Q: When is the best time to submit seed for germination testing?
A: A seed germination test is a critical first step in determining the viability of seed for planting a new crop. It helps determine if the seed should be planted, and helps establish a seeding rate that achieves target plant populations in the field.
Germination is defined as the seed that can emerge and form essential plant structures from the seed embryo (roots/hypocotyl/cotyledon, etc.). The germ test identifies normal and abnormal seedlings, and is expressed as a percentage. For example, No. 1 certified wheat is required to have 85 per cent germination. Normal seedlings, under favourable field conditions, will develop into productive, mature plants. Knowing your germination percentage in comparison to pedigree seed allows you to make informed decisions.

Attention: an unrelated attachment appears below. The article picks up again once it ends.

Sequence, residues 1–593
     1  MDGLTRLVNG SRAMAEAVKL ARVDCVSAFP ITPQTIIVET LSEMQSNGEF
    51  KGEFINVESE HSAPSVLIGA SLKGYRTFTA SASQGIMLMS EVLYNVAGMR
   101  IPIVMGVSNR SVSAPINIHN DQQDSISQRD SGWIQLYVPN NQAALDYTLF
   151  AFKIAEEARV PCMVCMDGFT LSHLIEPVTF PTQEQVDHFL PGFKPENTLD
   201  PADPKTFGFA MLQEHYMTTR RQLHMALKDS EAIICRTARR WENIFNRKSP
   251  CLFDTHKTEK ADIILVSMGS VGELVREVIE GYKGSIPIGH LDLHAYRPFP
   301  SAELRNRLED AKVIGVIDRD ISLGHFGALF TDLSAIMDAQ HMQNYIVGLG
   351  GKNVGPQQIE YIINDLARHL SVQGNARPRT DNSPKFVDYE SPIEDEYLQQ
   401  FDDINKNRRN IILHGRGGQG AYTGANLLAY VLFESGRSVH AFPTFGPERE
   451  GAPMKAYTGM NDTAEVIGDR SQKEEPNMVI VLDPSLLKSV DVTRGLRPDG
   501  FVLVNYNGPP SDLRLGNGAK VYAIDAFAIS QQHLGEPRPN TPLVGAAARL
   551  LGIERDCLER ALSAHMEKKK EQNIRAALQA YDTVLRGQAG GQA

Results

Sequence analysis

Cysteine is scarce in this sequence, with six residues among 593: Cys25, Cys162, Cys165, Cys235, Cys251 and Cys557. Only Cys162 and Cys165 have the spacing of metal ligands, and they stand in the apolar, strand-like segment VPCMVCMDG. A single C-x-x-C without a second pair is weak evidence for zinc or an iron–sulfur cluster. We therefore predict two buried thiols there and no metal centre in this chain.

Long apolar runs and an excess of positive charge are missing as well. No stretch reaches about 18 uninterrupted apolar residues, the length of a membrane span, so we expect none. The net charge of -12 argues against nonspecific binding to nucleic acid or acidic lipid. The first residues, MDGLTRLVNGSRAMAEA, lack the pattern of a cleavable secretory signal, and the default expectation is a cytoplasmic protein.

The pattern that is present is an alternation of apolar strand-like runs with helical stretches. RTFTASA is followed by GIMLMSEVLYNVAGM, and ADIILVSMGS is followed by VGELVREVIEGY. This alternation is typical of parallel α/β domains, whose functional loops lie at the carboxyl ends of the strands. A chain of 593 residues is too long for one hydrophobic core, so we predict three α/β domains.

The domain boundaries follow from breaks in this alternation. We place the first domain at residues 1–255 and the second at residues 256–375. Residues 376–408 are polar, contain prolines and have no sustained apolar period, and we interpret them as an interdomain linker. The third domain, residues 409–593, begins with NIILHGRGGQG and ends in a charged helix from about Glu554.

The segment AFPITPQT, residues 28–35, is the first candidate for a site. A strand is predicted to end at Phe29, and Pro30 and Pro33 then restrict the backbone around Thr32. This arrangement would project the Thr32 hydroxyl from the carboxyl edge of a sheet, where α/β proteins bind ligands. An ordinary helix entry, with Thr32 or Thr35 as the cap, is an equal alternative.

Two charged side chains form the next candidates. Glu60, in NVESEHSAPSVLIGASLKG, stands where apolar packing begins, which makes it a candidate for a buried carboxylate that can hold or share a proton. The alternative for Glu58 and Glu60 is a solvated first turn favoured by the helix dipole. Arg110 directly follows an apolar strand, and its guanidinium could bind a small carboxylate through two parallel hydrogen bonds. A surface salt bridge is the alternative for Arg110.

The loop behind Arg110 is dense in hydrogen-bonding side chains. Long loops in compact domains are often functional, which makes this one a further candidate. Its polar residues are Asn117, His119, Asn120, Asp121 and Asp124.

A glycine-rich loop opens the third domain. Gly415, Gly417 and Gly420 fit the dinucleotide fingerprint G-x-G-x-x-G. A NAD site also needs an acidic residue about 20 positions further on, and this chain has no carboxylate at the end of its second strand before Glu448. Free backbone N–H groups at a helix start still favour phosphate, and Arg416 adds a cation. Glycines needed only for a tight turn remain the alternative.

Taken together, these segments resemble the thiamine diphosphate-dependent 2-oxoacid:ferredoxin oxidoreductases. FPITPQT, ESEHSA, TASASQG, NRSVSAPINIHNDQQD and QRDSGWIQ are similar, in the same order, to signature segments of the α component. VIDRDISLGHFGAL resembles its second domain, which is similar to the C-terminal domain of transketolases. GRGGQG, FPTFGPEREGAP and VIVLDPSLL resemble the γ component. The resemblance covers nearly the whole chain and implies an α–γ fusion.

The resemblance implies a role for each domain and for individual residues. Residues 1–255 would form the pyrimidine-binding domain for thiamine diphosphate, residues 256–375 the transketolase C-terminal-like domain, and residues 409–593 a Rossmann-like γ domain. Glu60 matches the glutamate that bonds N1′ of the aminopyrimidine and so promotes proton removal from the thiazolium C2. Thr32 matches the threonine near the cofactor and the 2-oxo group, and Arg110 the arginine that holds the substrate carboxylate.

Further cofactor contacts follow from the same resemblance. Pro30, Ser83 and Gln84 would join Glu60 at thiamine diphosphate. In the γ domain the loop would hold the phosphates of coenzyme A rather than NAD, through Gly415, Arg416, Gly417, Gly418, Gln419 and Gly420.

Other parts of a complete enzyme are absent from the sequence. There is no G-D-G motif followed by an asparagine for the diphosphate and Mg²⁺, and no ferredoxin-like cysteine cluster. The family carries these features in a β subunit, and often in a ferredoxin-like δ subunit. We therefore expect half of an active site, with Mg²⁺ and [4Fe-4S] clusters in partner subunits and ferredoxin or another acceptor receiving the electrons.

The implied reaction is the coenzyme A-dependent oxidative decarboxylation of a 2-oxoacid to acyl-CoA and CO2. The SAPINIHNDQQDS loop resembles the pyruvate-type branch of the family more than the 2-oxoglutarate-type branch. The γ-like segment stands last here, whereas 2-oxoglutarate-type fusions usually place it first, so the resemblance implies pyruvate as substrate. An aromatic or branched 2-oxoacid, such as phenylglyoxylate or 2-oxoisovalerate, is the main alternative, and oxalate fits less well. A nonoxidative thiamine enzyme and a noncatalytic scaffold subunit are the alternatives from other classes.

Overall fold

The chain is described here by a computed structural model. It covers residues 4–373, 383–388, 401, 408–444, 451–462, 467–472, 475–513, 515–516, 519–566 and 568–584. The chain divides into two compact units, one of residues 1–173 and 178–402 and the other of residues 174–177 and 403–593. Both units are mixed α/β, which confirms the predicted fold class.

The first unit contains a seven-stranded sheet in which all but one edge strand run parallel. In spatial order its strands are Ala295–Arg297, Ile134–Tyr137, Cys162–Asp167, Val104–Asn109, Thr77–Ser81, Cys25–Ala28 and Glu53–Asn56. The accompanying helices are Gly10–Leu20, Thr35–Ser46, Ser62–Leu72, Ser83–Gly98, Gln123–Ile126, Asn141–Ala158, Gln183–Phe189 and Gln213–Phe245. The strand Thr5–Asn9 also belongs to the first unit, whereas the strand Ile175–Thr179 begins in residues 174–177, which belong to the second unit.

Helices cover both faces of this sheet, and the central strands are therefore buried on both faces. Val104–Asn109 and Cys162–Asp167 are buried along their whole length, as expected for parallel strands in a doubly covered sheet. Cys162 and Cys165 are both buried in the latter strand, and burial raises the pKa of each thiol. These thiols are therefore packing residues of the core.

If you wish, you can sample during harvest, but ensure it is a dry sample. If you have excellent germination, you can move the seed to the next steps which include proper storage, disease testing and cleaning. If the seed is borderline, you may want to see how the total seed market is fairing, prior to utilizing your seed. If the germination is sub-par, start to look for alternative sources. Beyond the straight germination test farmers may want to include a vigour (cool seed test) and disease test (ie. avoiding fusarium in wheat), as this will help determine if the seed should be kept and planted.
A second test is recommended in February or early March to ensure your seed lot has maintained its germination. Storage challenges or disease can negatively impact seed quality.
Finally, when collecting a sample to submit to the lab, ensure it is a representative sample. This is easily accomplished in the fall. Collect samples as you empty trucks into the bin. The winter sample is more difficult to gather as you need to obtain a representative sample from the grain bin.
Ernie Nycholat, P. Ag, CCA, is a manager of agronomic services with Nutrien Ag Solutions in north central Alberta.